One Writer’s Journey

February 6, 2017

Submit Smarter, Not More Often: How to Increase Your Writing Income

balancing-marketsIf you’re anything like me, you’d love to earn more writing income.  Although I make my living as a writer, I’m to the point that I’d really like to make a “good” living as a writer.  In her newsletter Funds for Writers, Hope Clark recently told readers about a new approach that I’m going to try — the 25/50/25 tool.

Google “25/50/25 writing” and you’re going to find several different versions.  The way that Hope uses it is related to income.

25% of your pitches should go to easy markets.  These are your sure things, the ones that almost never turn you down.  For some people there are non-paying markets that simply give them a byline.  For me, they pay but not especially well.  But they give me exposure and they are sure things.

50% of your pitches should go to markets that pay better and are a bit more challenging but are in reach.  Not everything that you submit to these markets is a sure thing but you do get acceptances.  They pay a little better but probably aren’t going to pay the mortgage.

The final 25%?  These are your dream markets.  Want an agent?  Or a Highlights byline?  Then some of your work needs to go to these markets — 25%.

Keep submitting this ratio to each type of market — 25% to sure things, 50% to harder solid opportunities, and 25% to long shots — and slowly but surely you will find yourself getting more and more acceptance from better paying markets. That’s the theory anyway and I’m going to give it a shot.

In the need for more markets?  Spend some time looking through the Society of Children’s Book Writers and Illustrators market listings if you are a member.  Or you can check out the list of Children’s Book Council Members.  Or Evelyn Christensen’s educational markets for children’s writers listings. If you want a specific type of market, Google “Children’s magazines” or whatever.  Then look for the guidelines on their sites.  If you want to see what markets are buying, Google “Writer for Us,” “Writer’s Guidelines” or something similar.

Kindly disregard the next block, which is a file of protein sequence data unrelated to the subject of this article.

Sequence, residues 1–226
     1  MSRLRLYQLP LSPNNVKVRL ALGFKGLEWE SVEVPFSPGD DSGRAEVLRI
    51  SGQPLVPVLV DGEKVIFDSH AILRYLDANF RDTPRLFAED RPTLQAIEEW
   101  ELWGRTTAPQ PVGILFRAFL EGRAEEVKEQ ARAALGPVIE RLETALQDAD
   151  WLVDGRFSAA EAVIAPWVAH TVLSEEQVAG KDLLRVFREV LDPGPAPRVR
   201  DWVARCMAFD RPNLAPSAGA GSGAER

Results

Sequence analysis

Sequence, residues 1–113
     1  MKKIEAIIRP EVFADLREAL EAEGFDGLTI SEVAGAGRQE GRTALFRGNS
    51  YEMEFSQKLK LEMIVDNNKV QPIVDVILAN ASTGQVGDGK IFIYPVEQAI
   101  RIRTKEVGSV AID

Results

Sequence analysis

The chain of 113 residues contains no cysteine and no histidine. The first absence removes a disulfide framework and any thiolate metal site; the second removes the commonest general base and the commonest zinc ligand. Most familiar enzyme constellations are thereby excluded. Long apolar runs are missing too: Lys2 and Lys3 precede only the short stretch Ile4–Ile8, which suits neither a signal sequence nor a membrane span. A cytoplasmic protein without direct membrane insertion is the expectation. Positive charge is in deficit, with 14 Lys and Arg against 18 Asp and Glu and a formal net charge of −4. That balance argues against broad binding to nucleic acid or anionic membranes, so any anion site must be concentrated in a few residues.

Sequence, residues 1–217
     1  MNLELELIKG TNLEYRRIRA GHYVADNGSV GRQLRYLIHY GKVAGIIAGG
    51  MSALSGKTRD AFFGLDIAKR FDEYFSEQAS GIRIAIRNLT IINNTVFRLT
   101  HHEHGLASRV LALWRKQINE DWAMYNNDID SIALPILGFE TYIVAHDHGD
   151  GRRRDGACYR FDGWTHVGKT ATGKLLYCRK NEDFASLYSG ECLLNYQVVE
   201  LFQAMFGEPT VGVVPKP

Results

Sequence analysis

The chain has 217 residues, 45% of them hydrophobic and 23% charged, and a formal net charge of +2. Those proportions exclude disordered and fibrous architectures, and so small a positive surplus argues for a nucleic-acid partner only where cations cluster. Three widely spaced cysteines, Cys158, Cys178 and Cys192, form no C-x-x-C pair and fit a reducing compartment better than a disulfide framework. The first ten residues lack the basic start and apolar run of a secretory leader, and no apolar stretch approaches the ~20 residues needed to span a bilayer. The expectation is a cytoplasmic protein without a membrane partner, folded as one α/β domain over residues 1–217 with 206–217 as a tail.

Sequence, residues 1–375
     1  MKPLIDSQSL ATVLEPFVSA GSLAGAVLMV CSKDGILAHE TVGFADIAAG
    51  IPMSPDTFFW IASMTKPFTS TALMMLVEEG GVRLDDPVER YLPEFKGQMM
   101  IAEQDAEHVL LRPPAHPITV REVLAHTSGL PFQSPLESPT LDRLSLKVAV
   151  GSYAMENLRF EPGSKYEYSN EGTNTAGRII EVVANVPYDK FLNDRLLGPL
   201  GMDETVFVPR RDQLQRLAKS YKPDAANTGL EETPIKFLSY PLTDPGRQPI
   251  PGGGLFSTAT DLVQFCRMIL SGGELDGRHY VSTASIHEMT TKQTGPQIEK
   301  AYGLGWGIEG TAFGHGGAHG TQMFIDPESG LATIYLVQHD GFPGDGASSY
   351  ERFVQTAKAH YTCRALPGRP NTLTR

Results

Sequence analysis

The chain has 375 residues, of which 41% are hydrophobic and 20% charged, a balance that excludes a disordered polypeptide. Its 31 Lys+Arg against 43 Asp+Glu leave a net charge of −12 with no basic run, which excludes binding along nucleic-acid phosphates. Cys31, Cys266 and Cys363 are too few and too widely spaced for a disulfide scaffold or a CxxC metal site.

I checked my submissions and pitches for January and had 3 sure things, 2 pitches to maybe markets, and 3 long shots (pitches to agents).  That puts me at 38/24/38.  Not sure what that means at this point but I’ll have to see how this works out over the next several months to a year.

–SueBE

December 5, 2014

Getting enthusiastic over an assigned topic

I just turned in my second book to Red Line Editorial.  When they contacted me about the first book, I was walking on air because the series was Ancient Civilizations and I got the Ancient Maya.  How cool is that?  My degrees are in anthropology and history so it was like they came up with this with me in mind.

When they contacted me about the second series, I took a deep breath and said yes.  The topic was World War II.  Yes, I’m a historian but this is not my favorite period.  Still I said yes and sent them my top three choices.  I got my #1 choice, Pearl Harbor, and got to work.  Soon I was following my family around telling them about the brilliant thing I had just read about the Japanese strategy, or why their code was so hard to break, or, seriously, how hopeless could we be?

It didn’t take all that long before I was finding something to love about my topic.  That’s what you need to do when you write something that’s assigned.  Find something to love.

For me, it generally isn’t all that hard.  I’m interested in a lot and am deeply curious – my husband would call it nosy.  How curious am I?  I saw a blog post about “What is a thaumatrope?” and clicked on it.  Yep.  A thaumatrope.  It could have been just about anything but it’s an awesome little spining optical illusion toy thing.

If you have a curious mind, getting interested in a topic is generally do-able.  Toss me anything history, geography, cultures, animals or early man and I’ll find an inroad.  If, on the other hand, you try to get me going on cars or finance, I’m going to have some problems.  Unless I can find a way to relate history.  Or geography.  Or cultures.

Those inroads don’t have to work for you because they’re mine.  What are yours?

–SueBE

 

September 18, 2012

Emily Brown’s Cut Paper Inspires

It comes as no great surprise — I love cut paper.  Love.  I find it highly inspirational.

But what is surprising about this artist, Emily Brown, is how she uses her cut paper.  Instead of simply framing it, which is amazing enough, she uses it to make a variety of prints including pillows with printed designs.

The next time you are thinking about how to make a living as a writer, think about Emily Brown.  Are there any “out of the box” ways that you can earn some writing income?

Although I still consider myself a children’s writer, I have earned income writing up organizational histories and even a family history or two.  I would never consider those my primary goals, but they have provided both income and experience.

What might you try?

Thank you Ann Martin of All Things Paper  whose blog inspired this post.

–SueBE

 

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